Below in an article which I found on producing your own material. I am currently working on a series of articles on this same topic which goes in to more detail.
HOW TO PUBLISH YOUR OWN LITERATURE
The first step in having a visible presence and attracting new recruits is often getting your information into print. This can seem a daunting task and is often something that people half do but in fact it is quite straightforward to produce high quality publications. The thing is to start small, do a leaflet for instance to begin with for a large gathering and perhaps an 8 page newsletter to sell. I’ll start by talking about leaflets.
Writing: Writing an article or leaflet is never as difficult as it seems. Start off by jotting down a few facts you want to get across and two or three arguments you want to make. Have a look at articles on similar subjects for ideas and if it’s a current issue at recent newspapers for facts. Write an introduction paragraph that will grab peoples attention. Try and make it current and saying something they don’t know, a lot of people will just look at the first paragraph and unless it’s interesting, won’t read on. If you’re really stuck leave this to the end. Then put together the facts and arguments you wish to make. Keep your sentences short and free of jargon. Keep your paragraphs short as well, three or four sentences. Each paragraph should make no more than one argument. Think about the people who will be reading it. How much knowledge can you assume they have about the subject? You’re better off under-estimating this slightly than over-estimating it. Try and finish off on a practical note, perhaps telling people of a good web site or advocating a particular set of tactics. Steer clear of cliches as endings unless that’s the central point you’re making.
Now you should have a draft article. Read through it a couple of times and make the following changes: Do you support your arguments with facts or reason or do they just sound like slogans? Have you expressed yourself in a straightforward manner or are some of your sentences convoluted and unclear? Do you repeat yourself or can you rearrange the order of the paragraphs so your argument flows more clearly? What is racialist about what you are saying? How can you emphasise your racialism better within what you are saying without appearing demeaning? Is the overall impact positive and constructive or do you just appear to be giving out about what other people are doing? You’ll find each time you re-read it you’ll see a slightly better way to say things. This makes the difference between an interesting piece and a boring piece. Have a look at the editing part below for more things to watch out for.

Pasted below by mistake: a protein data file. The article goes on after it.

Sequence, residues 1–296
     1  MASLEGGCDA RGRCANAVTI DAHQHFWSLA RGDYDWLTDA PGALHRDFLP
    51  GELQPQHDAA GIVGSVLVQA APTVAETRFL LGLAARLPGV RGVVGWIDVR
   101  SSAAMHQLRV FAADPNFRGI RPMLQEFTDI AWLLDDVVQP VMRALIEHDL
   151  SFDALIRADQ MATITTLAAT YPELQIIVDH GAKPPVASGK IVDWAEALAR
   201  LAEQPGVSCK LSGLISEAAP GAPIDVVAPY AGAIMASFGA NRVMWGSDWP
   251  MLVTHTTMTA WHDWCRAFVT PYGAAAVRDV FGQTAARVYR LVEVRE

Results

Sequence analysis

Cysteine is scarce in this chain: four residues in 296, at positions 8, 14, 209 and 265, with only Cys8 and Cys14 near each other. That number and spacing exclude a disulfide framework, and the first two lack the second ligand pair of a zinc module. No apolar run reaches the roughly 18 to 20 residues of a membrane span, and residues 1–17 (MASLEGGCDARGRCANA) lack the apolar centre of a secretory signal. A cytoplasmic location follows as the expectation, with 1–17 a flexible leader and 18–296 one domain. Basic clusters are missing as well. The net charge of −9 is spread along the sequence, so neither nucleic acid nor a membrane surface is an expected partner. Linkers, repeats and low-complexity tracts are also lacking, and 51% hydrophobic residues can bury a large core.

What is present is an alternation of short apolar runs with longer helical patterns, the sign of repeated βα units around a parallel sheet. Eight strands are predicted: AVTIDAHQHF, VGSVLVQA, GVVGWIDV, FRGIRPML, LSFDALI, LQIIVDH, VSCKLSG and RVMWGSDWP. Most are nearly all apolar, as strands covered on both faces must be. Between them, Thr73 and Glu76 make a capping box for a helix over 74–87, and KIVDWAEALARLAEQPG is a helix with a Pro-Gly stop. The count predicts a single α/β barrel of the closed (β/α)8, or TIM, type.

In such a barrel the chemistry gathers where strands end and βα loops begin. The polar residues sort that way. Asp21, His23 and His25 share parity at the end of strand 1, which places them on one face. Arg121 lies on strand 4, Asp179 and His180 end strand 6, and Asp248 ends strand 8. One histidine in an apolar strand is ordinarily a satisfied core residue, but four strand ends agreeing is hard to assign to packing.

Editing: Writing can be the easy part, the hard part is giving your work to someone else to look at and correct or suggest amendments. But again, this is a vital part both because everyone reads things in a different way and they will spot odd-sounding phrases you won’t, and also because we all make mistakes which other people can pick up on. In a new group the process of editing, if correctly handled, can make a big contribution to the political development of the group. When you’re editing, be careful to respect the writer’s work while pointing out problems you see with it. There’s nothing wrong with making mistakes and sometimes they may be right. The editing group should be willing to discuss suggested changes fully. Keep editing and proofreading separate, there’s nothing worse then having your spelling constantly corrected in a session that’s meant to be looking at the political or factual content of your work. Note down exactly the agreed-upon changes and see if the sentences still make sense when they are put in. Your suggestion of a wording or a fact possibly could be better expressed by trying to suggest the alternative wording. Points to look for when you are editing: Do I agree with what the leaflet is saying? Is the leaflet convincing or do the arguments need expanding on and are more facts needed? Do we assume too much knowledge on the part of the audience? Are there irrelevancies which could be cut or boring bits which should be re-written? Is it positive and what message does it get across? Does it present a positive image of the movement and will it promote interest? Is it the right length for the available space?